The race is not given to the swift nor the strong, but to the ones who endures.

This has been happening since LBJ and Jimmie Carter.  Law Schools have conservative people, but the liberals have overtaken them and tried to silence conservative and balanced view points.

I have a case I am dealing with right now on a State Level with a recent appointee who is trying to be partial and side with one attorney that is not what the weight of the evidence objectively concludes.  You have to use facts, law and the ability for REVIEW of a record be the way to expose this injustice.
Beckwith

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How Obama took control of 70% of U. S. Courts of Appeals by appointing liberal judges

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Philip Wegmann (DailySignal) is reporting that on the campaign trail in 2008, Barack Obama promised to fundamentally transform the United States of America. After nearly eight years, he has delivered on one front by reshaping the federal judiciary.

That revolution has been comprehensive, dramatic, and under the radar.

When Obama entered the Oval Office, liberal judges controlled just one of the 13 circuits of the U.S. Court of Appeals. Fifty-five successful presidential nominations later, liberal majorities now control nine of those appeals benches, or 70 percent.

Outside of legal circles the transformation of the influential federal appeals courts has gone largely unnoticed, though.

"The Supreme Court grabs the spotlight, but it hears fewer than 100 cases a year," Texas Supreme Court Justice Don Willett said, "while the 13 federal courts of appeals handle about 35,000."

More than one-third of the 179 judges on federal appeals courts owe their seat to Obama, Willett told The Daily Signal. "That's a legacy with a capital L."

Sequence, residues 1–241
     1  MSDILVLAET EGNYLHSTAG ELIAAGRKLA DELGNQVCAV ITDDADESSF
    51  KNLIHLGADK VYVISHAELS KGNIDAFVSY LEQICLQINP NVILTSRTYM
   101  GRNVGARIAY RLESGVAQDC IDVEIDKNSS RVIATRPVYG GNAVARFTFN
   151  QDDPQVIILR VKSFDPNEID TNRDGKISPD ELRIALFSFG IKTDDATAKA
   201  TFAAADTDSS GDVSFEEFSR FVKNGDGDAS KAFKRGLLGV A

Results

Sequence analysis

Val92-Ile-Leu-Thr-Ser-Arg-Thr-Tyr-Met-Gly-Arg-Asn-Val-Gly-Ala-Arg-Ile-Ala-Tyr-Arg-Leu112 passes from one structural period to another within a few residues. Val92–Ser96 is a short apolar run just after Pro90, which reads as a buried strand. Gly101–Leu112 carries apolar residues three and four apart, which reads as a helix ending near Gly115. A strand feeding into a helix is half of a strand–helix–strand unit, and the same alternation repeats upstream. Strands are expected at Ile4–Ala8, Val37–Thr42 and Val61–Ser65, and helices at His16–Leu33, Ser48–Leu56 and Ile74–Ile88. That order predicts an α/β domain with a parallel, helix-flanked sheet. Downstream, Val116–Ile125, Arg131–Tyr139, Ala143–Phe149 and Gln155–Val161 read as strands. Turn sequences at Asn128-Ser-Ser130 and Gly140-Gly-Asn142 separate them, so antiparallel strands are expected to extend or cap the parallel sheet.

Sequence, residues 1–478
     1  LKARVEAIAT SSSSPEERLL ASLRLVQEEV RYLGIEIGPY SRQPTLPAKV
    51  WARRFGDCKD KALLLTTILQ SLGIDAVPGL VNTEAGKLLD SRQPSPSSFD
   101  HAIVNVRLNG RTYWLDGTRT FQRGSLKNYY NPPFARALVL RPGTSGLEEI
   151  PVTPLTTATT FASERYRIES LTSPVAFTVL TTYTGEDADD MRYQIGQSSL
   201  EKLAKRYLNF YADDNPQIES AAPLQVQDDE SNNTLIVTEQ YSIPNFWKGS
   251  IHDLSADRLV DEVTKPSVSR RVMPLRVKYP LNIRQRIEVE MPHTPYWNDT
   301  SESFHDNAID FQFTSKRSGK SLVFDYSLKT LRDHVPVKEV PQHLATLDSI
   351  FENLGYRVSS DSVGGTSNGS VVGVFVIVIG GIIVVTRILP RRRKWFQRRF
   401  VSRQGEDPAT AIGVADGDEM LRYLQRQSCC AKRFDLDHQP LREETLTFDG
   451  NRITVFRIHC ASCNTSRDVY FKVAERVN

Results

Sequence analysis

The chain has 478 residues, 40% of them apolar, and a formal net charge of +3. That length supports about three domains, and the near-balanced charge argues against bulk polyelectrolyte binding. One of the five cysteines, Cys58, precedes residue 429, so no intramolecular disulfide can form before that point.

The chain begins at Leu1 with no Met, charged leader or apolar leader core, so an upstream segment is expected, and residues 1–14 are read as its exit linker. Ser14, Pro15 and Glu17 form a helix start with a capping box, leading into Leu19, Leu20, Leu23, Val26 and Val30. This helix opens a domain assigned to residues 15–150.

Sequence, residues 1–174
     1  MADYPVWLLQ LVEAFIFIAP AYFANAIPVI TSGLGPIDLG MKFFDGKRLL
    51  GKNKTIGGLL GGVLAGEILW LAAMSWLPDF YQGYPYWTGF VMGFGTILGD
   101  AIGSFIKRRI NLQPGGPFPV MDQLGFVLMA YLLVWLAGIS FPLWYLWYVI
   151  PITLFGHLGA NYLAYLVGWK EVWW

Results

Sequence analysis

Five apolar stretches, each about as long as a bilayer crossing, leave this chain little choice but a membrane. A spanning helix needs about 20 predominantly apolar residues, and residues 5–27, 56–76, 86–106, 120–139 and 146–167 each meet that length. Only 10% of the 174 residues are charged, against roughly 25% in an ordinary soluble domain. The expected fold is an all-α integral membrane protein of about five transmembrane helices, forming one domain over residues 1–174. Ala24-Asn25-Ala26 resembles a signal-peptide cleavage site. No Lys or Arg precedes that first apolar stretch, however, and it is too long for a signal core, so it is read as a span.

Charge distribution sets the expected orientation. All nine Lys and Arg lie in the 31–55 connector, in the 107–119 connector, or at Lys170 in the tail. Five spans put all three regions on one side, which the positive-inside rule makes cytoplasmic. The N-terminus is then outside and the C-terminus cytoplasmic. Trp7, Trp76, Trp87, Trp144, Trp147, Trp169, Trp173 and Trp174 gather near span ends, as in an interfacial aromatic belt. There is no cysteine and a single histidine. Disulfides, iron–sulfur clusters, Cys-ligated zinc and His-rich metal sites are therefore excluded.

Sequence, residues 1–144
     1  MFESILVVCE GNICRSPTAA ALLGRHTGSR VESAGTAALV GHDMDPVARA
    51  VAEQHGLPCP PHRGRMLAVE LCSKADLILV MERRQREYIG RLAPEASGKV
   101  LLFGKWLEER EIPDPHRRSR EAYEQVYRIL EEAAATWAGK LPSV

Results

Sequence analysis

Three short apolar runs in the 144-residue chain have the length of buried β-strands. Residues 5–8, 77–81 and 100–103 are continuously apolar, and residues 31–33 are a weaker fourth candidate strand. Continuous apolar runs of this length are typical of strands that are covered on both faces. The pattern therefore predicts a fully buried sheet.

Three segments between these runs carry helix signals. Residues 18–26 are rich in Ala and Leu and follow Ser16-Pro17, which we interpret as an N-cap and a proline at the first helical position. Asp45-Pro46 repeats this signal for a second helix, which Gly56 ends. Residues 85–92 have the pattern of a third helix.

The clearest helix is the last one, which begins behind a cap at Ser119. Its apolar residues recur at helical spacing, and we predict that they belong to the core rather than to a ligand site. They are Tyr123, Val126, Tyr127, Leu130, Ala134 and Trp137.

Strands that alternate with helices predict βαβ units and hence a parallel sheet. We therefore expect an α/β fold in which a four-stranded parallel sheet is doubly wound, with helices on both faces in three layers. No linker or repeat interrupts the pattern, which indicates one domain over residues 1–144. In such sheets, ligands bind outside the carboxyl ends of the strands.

Obama also has left his mark on the U.S. District Courts, which are the lower federal courts, successfully appointing 268 judges -- seven more than President George W. Bush.

Obama didn't push federal courts to the left by himself, though, since the Senate must confirm a president's judicial appointments. And some conservatives complain that Senate Republicans handed over the keys to the judiciary without a fight.

"These nominees can't be characterized as anything but radical liberals, and the senators knew that when they were voting," said Ken Cuccinelli, a former attorney general of Virginia who is now president of the Senate Conservatives Fund, a political action committee.

While there's "no singular explanation" for how the majority of federal appeals judges flipped, Cuccinelli told The Daily Signal, Senate Republicans have adopted a strategy of "knee-jerk surrender" on nominees.

Republican leadership balks at that characterization, arguing that they've spent most of their time engaging in guerilla-style campaigns against an entrenched, determined Democrat majority.

"A Democrat president has been in office for eight years, most of that with a Democrat Senate, including several years of a filibuster-proof Democratic majority," a spokesman for Majority Leader Mitch McConnell told The Daily Signal.

While Republican opposition to Obama's Supreme Court nominee, Merrick Garland, has remained consistent in the Senate, the strategy for appeals court nominees has fluctuated. Liberals describe it as aggressive, but conservatives belittle it as reserved.

There's a decent case to be made for both interpretations.